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The Forecast For Jerusalem

     The Israeli government and the Jerusalem municipality cancelled the ceremonies last Wednesday marking the fortieth anniversary of the unification of the city in the Six-Day War. A sudden thunderstorm hit the city in the late morning and early afternoon. With several of the capital city’s neighborhoods paralyzed under the torrents of rain and hail, the government and Jerusalem’s city hall chose to cancel the celebrations rather than risk having the participants washed away.

 

      The late spring rainstorm was nearly unprecedented in the city’s meteorological history. And, given its rarity, the symbolism was impossible to miss. The Olmert government, like the Sharon government before it, has made little effort to hide the reality that maintaining Israeli sovereignty over the entirety of the eternal capital of the Jewish people is not a priority.

 

      Indeed, under the Sharon and Olmert governments the city has been effectively partitioned by the security fence that has cut off several outlying Arab neighborhoods from the rest of the city. Last year, Olmert told European leaders outright, “Not all the Arab neighborhoods will be part of the city in the future.”

 

      The government claims its decision to cut off Tzur Baher, Jebl Mukaber, Isawiya and Abu Dis from the capital is based on demographic considerations. It argues that placing these Arab neighborhoods outside the city’s boundaries will strengthen the city’s two-thirds Jewish majority in the long term.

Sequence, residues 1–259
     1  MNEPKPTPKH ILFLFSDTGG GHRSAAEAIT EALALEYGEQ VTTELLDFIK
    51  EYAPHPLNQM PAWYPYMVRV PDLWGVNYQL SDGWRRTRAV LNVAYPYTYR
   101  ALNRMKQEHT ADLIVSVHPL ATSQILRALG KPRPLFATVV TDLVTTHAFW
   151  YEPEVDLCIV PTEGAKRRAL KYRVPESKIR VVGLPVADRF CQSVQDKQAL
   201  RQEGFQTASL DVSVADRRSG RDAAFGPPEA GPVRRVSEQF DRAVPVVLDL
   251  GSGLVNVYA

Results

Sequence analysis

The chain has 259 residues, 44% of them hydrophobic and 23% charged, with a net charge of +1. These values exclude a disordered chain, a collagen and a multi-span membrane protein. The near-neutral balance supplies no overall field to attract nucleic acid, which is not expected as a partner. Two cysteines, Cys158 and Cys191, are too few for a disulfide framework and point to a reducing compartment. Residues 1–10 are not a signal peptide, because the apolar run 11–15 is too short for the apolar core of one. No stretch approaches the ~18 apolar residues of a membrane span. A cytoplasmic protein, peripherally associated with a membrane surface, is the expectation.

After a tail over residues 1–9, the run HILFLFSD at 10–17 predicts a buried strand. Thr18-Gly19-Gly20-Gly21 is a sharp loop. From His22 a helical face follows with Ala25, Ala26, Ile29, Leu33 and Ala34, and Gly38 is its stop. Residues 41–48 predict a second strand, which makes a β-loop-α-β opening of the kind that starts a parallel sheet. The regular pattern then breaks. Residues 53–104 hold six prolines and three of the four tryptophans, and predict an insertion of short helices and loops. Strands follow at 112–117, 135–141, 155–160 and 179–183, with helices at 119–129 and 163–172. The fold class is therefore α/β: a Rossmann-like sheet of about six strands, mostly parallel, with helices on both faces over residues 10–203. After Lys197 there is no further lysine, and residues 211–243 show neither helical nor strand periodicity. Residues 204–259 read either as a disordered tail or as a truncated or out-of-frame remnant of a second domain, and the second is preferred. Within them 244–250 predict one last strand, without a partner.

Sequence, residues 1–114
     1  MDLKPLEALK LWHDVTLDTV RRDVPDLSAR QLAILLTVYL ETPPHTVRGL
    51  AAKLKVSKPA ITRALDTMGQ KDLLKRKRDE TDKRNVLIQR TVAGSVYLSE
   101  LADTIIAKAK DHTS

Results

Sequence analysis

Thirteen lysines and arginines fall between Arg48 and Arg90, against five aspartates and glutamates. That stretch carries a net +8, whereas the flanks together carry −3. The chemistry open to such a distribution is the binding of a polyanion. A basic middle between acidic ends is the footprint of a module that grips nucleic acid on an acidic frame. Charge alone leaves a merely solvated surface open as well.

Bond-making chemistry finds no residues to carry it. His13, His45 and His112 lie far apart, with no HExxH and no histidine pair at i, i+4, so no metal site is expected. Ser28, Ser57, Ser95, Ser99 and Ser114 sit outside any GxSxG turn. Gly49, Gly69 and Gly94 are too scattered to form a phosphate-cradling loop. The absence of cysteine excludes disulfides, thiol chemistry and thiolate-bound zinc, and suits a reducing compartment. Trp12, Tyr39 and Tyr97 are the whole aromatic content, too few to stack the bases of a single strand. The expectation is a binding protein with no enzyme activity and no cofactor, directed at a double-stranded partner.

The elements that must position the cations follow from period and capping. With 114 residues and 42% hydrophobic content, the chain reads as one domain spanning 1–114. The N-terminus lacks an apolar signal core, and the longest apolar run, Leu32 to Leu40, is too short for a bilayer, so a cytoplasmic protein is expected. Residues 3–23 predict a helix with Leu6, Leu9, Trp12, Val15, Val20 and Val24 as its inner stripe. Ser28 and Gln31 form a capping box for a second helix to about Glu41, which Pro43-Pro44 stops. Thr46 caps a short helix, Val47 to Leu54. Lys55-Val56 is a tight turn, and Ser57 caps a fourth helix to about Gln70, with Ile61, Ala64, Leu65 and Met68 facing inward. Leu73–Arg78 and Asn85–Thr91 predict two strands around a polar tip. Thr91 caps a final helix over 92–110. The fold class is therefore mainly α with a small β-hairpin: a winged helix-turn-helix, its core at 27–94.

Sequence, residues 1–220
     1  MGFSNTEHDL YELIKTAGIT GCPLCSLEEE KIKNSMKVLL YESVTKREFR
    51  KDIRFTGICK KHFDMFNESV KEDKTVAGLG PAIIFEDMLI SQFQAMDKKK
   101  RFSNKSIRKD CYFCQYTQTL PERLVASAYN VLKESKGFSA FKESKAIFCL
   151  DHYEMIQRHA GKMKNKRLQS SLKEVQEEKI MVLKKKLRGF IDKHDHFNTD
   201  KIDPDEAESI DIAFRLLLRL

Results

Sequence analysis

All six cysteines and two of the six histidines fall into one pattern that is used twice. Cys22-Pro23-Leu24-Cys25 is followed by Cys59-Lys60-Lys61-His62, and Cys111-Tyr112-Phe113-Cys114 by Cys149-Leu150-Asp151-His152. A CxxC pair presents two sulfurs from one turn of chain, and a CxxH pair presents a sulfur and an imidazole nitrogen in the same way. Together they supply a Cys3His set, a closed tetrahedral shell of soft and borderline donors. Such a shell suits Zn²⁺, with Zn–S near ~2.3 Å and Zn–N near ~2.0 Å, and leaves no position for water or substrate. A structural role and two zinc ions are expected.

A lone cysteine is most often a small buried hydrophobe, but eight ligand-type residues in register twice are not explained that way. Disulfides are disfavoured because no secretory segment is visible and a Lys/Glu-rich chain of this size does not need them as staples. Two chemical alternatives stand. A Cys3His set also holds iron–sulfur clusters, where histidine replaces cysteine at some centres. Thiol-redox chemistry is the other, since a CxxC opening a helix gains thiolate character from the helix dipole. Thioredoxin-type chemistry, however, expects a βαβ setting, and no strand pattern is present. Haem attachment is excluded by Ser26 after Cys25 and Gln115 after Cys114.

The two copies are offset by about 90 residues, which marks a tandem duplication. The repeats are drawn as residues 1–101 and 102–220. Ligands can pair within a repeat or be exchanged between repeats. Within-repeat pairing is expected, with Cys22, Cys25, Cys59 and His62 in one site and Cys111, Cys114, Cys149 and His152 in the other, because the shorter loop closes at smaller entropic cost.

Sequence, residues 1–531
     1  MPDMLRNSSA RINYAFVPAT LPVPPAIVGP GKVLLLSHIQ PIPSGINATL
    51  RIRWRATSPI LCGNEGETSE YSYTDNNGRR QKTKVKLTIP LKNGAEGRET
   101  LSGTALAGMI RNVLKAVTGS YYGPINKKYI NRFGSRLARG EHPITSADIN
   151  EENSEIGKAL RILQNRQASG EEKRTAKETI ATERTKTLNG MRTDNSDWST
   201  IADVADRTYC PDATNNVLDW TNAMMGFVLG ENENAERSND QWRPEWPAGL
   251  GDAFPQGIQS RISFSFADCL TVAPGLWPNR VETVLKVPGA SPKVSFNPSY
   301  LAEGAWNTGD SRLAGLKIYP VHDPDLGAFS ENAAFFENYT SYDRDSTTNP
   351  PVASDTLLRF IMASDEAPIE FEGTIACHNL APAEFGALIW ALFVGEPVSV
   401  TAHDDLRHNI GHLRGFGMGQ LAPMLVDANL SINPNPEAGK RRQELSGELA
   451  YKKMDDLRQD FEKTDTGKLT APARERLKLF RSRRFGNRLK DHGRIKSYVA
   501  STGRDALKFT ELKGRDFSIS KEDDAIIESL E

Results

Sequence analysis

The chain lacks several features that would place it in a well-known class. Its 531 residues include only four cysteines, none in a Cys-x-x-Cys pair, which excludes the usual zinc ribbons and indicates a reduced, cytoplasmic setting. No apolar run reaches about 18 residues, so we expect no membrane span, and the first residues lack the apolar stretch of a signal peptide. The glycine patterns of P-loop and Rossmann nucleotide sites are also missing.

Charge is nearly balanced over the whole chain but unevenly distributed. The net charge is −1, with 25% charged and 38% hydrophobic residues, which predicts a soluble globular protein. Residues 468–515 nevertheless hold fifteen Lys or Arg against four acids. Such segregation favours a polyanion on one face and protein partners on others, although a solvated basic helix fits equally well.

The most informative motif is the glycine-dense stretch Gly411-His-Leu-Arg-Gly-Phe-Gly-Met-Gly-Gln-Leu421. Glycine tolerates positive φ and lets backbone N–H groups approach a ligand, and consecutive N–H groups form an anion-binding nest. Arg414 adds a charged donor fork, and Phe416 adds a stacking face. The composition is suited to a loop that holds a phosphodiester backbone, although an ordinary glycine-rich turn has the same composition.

The government’s determination to divide the capital city is based on faulty population data published by the Palestinian Authority and expanded on by the Israeli demographic establishment, which is dominated by Hebrew University Prof. Sergio Della Pergolla.

 

      In advance of this year’s Jerusalem Day, Della Pergolla and the EU-funded Jerusalem Institute for Israel Studies with which he is affiliated published two demographic surveys which claimed that unless Israel splits the capital and transfers the Arab areas of the city to the Palestinian Authority, by 2020 the Jewish majority in the city will have dwindled to 60 percent and by 2035 Jews will become a minority in the city.

 

      The findings published by Della Pergolla and the JIIS were analyzed by the independent American Israel Demographic Research Group. Led by American economist Bennett Zimmerman and Ambassador Yoram Ettinger, AIRDG found that the studies were based on a deterministic interpretation of Jewish emigration and Arab immigration rates to the city.

 

      AIRDG began its analysis by noting that following a multi-year trend of increasing Jewish fertility rates and decreasing Arab fertility rates in the city, in 2005 the Arab and Jewish birthrates in Jerusalem converged. Arab and Jewish women in the capital city both have an average of 3.9 children.

 

      If current trends continue, over time, the Jewish fertility rate can be expected to outstrip the Arab fertility rate in the city. This is also the case in the greater Jerusalem metropolitan areas that are experiencing the same multi-year fertility trends.

 

      The AIRDG report, which was released on Jerusalem Day, made clear that in light of the fertility parity the issue of Jerusalem’s demographic trends is now limited to an assessment of the durability of the current inverse Jewish and Arab migration rates. Lack of land for development in the city has caused a housing scarcity and an economic crunch. This state of affairs is causing Jews to leave the city. In 2005, some 6,300 Jews, or 1.4 percent of the Jewish population of the city, migrated out. Notably, the Jews who leave Jerusalem do not leave the metropolitan area but rather settle in the city’s western and eastern suburbs.